A Rose, 1907
Thomas Anshutz (American, 1851–1912)
Oil on canvas; 58 x 43 7/8 in. (147.3 x 111.4 cm)
Marguerite and Frank A. Cosgrove Jr. Fund, 1993 (1993.324)
The work of Thomas Anshutz, one of America's leading art instructors, bridges the realism of his teacher Thomas Eakins and that of the Ashcan School artists, some of whom were his students. Anshutz's commitment to teaching appears to have limited his output; only about 130 oils by him are known. Some of the most impressive of these works belong to a late series of images of Rebecca H. Whelan, the daughter of a trustee of the Pennsylvania Academy of the Fine Arts, where Anshutz taught.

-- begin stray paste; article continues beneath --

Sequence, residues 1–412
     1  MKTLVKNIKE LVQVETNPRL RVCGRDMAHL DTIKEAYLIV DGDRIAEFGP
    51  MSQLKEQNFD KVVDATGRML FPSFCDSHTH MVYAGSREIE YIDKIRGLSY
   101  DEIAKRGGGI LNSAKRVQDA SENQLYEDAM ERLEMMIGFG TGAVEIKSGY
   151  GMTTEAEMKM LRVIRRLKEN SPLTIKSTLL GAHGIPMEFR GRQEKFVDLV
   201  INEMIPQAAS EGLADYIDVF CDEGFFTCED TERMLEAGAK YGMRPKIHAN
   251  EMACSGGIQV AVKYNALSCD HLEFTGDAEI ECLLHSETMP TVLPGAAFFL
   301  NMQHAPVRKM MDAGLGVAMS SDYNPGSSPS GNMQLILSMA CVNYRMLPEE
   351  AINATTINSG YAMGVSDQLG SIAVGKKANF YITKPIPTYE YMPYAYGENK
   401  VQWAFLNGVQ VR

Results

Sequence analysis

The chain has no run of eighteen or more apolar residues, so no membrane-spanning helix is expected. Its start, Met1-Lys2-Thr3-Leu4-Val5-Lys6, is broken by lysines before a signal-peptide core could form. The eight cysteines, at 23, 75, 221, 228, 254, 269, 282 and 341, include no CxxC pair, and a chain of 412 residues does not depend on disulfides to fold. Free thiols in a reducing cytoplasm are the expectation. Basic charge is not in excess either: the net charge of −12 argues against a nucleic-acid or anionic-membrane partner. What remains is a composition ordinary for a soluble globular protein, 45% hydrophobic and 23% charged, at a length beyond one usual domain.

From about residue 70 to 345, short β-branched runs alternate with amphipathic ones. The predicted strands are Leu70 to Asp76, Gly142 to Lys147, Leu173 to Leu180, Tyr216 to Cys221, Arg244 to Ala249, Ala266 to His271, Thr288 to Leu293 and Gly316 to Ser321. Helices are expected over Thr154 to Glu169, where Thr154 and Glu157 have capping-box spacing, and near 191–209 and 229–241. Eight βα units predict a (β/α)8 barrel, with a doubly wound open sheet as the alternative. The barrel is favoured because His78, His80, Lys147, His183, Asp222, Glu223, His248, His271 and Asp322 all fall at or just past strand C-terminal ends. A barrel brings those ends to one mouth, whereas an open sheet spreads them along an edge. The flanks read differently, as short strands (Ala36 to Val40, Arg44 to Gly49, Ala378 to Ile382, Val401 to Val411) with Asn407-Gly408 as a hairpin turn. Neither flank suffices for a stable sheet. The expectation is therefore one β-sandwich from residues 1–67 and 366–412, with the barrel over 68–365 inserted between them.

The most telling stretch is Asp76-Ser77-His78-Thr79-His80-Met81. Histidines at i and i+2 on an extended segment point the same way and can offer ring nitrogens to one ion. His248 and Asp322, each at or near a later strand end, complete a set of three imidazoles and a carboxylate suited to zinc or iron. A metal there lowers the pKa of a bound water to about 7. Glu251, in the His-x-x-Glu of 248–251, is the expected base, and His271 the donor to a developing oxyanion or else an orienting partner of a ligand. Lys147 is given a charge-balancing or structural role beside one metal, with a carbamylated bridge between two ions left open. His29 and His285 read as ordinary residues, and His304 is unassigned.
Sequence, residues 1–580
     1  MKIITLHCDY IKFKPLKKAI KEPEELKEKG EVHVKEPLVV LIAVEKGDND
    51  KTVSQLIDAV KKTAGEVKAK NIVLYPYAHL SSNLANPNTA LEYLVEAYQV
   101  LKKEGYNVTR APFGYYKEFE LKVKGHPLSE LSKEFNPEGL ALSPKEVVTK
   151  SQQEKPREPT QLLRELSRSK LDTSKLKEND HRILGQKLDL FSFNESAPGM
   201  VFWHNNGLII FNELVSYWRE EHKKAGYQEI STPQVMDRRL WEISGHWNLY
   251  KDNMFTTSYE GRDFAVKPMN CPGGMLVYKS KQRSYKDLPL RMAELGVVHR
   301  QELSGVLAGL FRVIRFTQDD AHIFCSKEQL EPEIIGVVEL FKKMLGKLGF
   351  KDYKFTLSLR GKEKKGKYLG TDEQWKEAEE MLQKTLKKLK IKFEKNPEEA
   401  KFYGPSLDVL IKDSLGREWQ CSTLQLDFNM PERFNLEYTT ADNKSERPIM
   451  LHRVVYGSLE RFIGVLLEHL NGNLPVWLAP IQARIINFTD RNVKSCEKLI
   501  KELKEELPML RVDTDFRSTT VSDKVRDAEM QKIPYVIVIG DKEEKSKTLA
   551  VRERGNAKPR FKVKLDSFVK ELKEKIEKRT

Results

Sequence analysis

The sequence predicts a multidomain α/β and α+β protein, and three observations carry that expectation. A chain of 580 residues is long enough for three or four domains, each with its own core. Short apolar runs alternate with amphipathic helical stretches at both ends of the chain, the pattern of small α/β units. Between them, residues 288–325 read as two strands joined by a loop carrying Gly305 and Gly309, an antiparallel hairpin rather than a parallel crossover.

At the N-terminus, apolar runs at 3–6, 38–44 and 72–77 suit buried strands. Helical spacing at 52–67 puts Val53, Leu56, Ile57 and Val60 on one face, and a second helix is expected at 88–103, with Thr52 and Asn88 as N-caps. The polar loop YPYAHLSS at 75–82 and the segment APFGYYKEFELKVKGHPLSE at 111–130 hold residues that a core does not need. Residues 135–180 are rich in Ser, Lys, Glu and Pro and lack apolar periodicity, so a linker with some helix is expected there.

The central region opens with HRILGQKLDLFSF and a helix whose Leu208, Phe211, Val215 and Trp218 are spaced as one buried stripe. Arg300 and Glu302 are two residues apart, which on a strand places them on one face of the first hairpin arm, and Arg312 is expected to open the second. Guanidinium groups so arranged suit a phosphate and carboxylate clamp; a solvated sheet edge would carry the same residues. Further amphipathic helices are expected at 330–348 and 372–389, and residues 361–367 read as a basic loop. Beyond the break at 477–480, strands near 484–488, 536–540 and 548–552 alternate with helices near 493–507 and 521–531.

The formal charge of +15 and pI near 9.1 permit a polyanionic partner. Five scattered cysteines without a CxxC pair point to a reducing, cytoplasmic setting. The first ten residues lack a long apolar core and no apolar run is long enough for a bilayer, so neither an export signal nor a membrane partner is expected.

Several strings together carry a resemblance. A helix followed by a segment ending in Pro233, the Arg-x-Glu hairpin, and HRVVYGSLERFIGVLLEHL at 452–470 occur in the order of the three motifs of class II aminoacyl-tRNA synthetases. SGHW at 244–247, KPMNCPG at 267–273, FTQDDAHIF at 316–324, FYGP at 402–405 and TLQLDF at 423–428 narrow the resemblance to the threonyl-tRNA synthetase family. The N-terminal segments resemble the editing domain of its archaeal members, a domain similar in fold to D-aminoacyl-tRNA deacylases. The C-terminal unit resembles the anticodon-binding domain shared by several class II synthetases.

Anshutz's depiction of Whelan in A Rose manifests his appreciation of Eakins's academic rigor and psychological probing and of John Singer Sargent's painterly freedom. It also suggests the influence of portraits by Diego Velázquez and James McNeill Whistler. In portraying the young woman as contemplative yet intellectually and emotionally alert, Anshutz anticipates the earthier women painted by the Ashcan School and other twentieth-century realists.